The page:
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Reporter McCombs leaving Az Daily Star

Border and politics reporter Brady McCombs is leaving the Arizona Daily Star, where he's held down a newsroom post since 2006.

While mainly covering the border and immigration issues earlier in his tenure for the morning daily, McCombs has spent the past year tasked with the politics beat.

McCombs will take a reporting position with the Associated Press in Utah, multiple sources said earlier this week. McCombs declined to comment Tuesday; he confirmed his new position Friday after the AP announced his hiring.

"I will be the AP's Supervisory Correspondent in Salt Lake City, leading the bureau's breaking news and enterprise coverage of the state," McCombs said in an email.

"I am sad to leave the Arizona Daily Star, but this is a great opportunity for me and my family. I am grateful to the Star for the opportunity they gave me and to my editors and colleagues for the support and guidance they have provided me since I arrived in February 2006. I have enjoyed my time in the desert immensely, learned a ton, and I will always have very fond memories of my time in Tucson," he said.

In leaving the Star, McCombs joins several other high-profile newsroom personnel who've recently moved to other news organizations.

Teri Hayt, the paper's managing editor, stepped down last month to become the executive editor for the Ohio papers of the GateHouse Media chain.

Others leaving the paper this year have included columnist Josh Brodesky and reporter Rob O'Dell, who both moved north to the Arizona Republic; and long-time photographer David Sanders, who last month took a position with UNS Energy, the parent company of Tucson Electric Power.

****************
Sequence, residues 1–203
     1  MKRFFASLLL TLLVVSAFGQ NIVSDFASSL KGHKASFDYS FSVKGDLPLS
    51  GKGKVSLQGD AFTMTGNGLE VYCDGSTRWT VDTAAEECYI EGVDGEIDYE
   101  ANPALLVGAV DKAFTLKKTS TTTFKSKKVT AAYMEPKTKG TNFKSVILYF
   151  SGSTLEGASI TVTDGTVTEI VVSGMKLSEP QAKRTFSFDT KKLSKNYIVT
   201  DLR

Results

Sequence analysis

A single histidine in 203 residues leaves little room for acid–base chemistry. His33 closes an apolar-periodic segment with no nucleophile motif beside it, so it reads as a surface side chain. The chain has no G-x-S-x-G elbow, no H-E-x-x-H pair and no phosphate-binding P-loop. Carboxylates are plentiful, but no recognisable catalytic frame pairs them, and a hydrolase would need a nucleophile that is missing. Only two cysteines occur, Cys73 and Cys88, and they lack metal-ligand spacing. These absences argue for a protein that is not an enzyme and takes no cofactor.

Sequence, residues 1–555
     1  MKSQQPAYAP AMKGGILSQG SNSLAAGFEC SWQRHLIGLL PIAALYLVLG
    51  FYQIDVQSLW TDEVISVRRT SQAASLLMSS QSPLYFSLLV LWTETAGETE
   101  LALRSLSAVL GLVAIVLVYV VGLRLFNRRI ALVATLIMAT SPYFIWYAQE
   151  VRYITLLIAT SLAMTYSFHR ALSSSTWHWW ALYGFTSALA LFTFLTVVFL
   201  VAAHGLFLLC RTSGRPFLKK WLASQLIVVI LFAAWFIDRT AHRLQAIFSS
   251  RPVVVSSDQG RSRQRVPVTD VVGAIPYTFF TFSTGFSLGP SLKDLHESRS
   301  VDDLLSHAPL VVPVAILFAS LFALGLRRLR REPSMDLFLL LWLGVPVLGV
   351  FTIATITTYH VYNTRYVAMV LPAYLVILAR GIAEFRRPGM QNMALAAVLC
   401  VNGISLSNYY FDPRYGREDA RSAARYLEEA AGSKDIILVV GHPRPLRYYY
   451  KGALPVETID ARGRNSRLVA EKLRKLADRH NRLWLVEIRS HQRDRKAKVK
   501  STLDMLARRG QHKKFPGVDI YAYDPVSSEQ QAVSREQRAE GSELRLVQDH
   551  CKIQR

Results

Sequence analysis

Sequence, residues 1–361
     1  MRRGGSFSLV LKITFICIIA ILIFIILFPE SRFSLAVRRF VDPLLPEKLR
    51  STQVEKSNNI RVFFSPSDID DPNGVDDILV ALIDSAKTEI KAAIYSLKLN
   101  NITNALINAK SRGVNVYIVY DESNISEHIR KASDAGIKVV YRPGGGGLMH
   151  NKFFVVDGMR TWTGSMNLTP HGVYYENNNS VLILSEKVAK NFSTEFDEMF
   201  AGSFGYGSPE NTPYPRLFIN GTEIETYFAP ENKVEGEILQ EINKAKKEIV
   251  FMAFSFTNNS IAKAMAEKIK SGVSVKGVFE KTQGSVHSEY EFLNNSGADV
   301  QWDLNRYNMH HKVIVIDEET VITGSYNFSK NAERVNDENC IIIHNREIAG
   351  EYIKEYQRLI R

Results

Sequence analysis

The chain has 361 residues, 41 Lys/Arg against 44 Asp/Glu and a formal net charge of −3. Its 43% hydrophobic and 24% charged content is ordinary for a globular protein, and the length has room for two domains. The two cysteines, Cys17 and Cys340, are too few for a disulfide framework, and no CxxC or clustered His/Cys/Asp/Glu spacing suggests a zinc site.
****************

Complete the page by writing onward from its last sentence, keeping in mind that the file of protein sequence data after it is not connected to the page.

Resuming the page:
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Online content producer Jaynelle Ramon, an eight-year veteran at the Star, left last month to work for the University of Arizona Alumni Association.

Reporter Rhonda Bodfield left the Star in March, first taking a job with Tucson Medical Center and then moving to the communications staff of Pima County.

The Star's design director, Mike Rice, was hired away from the newspaper over the summer. He's now the features design director for the Minneapolis Star Tribune.

On the business side, the Star has also seen turnover in the advertising department, where there is currently an opening for a sales manager.

McCombs was named the 2007 Virg Hill Arizona Journalist of the Year by the Arizona Press Club, and the 2007 and 2008 Arizona Journalist of the Year by the Arizona Newspapers Association.

McCombs, a 2001 graduate of the University of Colorado-Boulder, spent a year at the Greeley (Colo.) Tribune before working for the Star.

In July 2011, the Star axed 52 staffers, including about 15 from the newsroom.

The Star's parent company, national newspaper chain Lee Enterprises, was able to refinance its crushing $1.1 billion debt through a packaged bankruptcy filing in January.

Last week, Lee announced that it had reduced its debt to $930.6 million, below the level originally anticipated to be reached a year from now," according to a company press release.

Lee owns some 50 papers across the country, including a 50 percent interest in the Tucson newspaper operation, along with partner Gannett Inc., the owner of the Tucson Citizen, which emptied its newsroom and ceased daily publishing in 2009.

In July, the company reported a a $1.5 million third-quarter loss, lower than last year's 3Q loss of $155 million. But the company's revenues fell 4.3 percent.

The newspaper chain reported a loss of 3 cents per diluted common share in the quarter ending June 24. The 2011 third quarter loss was $3.46 per share.